Kiddos & Food Allergies
Coming from a background in education, I worked with quite a few classrooms that needed to be food allergy friendly. One class in particular had to be pretty strict with gluten and dairy. Out of the 28 students in my class, only one had severe food allergies. At lunch, he had to sit at his own table with other kids in the school who had similar allergies. He could bring a friend to the table to eat with him if the friend also abided by those same food allergies.
Thinking back to when I was a kid, I don’t really remember friends having food allergies. I don’t remember there being a “safe table” in the lunchroom either. I also don’t remember anyone in my junior high or high school who had food allergies, and I went to a very small school where I would have known something like that. In elementary school, I remember parents bringing treats for the classroom, homemade or packaged for all to enjoy… and we all did! In junior high and high school, since my class was so small (roughly 15-18 students in my grade each year from 7th - 12th), we sometimes would all bring food for classroom parties where everything was homemade: fried chicken, lumpia (a filipino dish), guacamole and chips, chili, cakes, salads and I always made homemade chocolate chip cookies. Everyone ate everything. There was no protocol to making sure there was no cross-contamination with foods or ingredients, and while of course we cleaned up after our feast, was it enough for the class who was coming in to use that classroom after us? Did any of them have food allergies?
Between the time I was 10 years old (1997) and the time I was teaching 8 year olds (2011) the number of kids with food allergies in the USA increased by 50%! That just blows my mind. What will that number increase to in another 15 years?
When I was student teaching in Scottsdale, Arizona, there were rules to follow when it came to food in the classroom. Everything brought into the classroom that was served to the students had to be prepackaged. Thankfully the mother of the boy with serious food allergies would plan ahead and, if there was a pizza party, she would bring him pizza that he could safely eat.
There were some basic rules for snack time in the classroom: kids could only bring and eat fruits and vegetables. If a parent was going to bring treats to the classroom, it had to be packaged and we would also let the parents of the child with food allergies know what they would bring in so they could provide safe treats for their son.
I am surprised that only one boy in my class had food allergies. While people of all races and ethnicities are affected by food allergies, interestingly enough, boys appear to develop food allergies more than girls do.
Thankfully there are so many amazing companies out there who are creating tasty everyday foods for kids of all ages to enjoy that are free of the top 8 food allergens: eggs, milk, peanuts, tree nuts, soy, wheat, shellfish and fish. Not only are these everyday foods free of the top allergens, they are made in facilities that are free of the top 8 allergens, which is incredibly important. I always tell people that complain about food allergies that they should be grateful that they know what is making them ill or making their kiddos ill. It’s important to also be thankful for the companies who are making sure that they can safely eat pizza, cookies, bread, ice cream, and so much more.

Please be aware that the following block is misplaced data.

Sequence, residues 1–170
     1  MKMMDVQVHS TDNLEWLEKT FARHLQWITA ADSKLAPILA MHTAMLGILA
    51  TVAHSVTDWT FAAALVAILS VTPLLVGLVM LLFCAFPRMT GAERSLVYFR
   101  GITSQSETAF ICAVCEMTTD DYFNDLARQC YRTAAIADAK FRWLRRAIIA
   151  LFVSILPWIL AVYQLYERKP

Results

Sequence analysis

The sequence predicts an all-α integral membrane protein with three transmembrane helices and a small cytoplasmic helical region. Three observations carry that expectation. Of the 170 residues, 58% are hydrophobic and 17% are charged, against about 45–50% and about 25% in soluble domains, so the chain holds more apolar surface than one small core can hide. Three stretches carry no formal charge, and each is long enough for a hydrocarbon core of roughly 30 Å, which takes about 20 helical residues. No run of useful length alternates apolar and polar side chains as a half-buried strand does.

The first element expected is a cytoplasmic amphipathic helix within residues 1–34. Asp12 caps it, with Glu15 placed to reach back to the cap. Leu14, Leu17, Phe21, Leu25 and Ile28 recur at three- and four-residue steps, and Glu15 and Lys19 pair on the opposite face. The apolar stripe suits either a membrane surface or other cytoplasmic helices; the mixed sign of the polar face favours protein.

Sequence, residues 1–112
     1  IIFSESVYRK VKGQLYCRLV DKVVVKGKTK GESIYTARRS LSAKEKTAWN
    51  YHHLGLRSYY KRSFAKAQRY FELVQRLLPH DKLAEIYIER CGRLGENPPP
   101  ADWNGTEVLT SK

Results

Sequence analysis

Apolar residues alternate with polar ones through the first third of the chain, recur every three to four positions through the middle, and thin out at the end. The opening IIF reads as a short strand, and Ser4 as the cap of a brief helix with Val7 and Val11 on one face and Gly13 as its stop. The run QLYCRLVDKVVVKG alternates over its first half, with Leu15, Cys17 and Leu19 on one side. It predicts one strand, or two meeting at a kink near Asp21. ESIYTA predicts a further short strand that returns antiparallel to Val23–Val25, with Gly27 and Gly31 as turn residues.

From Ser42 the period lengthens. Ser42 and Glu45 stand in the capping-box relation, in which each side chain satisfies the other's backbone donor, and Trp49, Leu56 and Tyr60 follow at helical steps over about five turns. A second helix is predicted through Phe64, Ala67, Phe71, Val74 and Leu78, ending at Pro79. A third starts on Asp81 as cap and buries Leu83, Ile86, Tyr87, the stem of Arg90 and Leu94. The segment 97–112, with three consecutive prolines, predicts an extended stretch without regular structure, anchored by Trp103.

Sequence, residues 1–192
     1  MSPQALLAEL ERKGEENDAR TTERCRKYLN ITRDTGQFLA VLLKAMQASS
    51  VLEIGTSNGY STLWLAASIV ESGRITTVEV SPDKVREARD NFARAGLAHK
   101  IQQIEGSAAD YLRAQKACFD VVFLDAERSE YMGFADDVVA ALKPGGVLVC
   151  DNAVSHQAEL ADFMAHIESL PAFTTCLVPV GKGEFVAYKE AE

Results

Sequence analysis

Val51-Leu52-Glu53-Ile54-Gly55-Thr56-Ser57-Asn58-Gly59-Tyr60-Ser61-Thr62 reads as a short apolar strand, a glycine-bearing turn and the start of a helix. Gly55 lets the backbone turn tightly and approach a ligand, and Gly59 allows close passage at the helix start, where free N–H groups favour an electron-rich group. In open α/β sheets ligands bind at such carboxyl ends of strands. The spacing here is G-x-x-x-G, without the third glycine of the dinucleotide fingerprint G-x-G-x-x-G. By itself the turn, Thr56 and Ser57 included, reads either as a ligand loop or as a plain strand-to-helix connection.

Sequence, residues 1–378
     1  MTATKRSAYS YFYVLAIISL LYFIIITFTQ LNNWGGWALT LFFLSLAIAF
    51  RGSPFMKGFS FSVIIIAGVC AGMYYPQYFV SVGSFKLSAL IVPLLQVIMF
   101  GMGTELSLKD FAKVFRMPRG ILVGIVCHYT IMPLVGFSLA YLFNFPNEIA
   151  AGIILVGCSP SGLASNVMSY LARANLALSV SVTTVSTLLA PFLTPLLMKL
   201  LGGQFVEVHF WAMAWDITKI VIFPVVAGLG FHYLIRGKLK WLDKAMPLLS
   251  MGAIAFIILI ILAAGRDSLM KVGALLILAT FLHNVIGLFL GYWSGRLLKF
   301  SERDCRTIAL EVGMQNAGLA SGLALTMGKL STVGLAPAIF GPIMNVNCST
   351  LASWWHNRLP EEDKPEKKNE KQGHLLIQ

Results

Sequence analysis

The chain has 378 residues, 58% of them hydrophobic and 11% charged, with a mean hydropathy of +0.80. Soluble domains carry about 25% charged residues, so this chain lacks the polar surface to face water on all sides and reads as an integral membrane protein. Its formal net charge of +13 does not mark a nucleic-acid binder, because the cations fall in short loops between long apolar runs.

I also love organizations like Food Allergy Research & Education (FARE) who, along with Food Allergy Community of East Tennessee, launched the Teal Pumpkin Project in 2014. With the idea that every child should be able to experience the joy and tradition of trick-or-treating on Halloween, the Teal Pumpkin Project was started with kids with food allergies in mind. Place a teal pumpkin on your doorstep to let trick-or-treaters know that there are safe “treats” at your house. Typically, these treats are non-edible like stickers, small toys or glow sticks. Amazingly, through the power of social media, households in all 50 states, as well as in 14 countries, participate. They are creating a worldwide movement to allow for a safer and happier Halloween for all to enjoy.
I have my own food allergies: sugar cane and yeast. They are more of a food intolerance than an allergy. I don’t need an Epipen for it. It might seem like no big deal to avoid sugar cane. I already don’t eat it anyway. However, I am surprised at how many food products have cane sugar, even foods that you would think were sugar free! (You can learn more about my food allergies here.)
My mom has had an amazing experience learning about her food allergies and intolerances. Here is a taste of what she said in her blog, "Since I have learned of my food allergies and have avoided those foods almost 100% (okay minus a taste every so often), I have seen a change in my inhaler behavior. I don’t have to use it as much! I also have been sleeping much better and haven’t had the joint pain." You can read the rest of her story, here.
If you think you have food allergies, or if you think your kiddo has food allergies, please don’t wait to get tested. Even if you don't think you have any food allergies or intolerances because you truly have never thought about it, and you think you feel fine, I still recommend that you get tested. It won't hurt you, it will only help you. Also, please be cautious of others and their food allergies. If someone says they can’t eat eggs, that means they can’t even have a little bit of egg in a large baked cake. Be mindful. Sadly, some who are fortunate enough to not have any food allergies think that food allergies are a joke. All we can do at that point is continue to educate others about food allergies and intolerances. Do your own research and don’t be afraid to ask questions!
(infographic source: Delicious Living)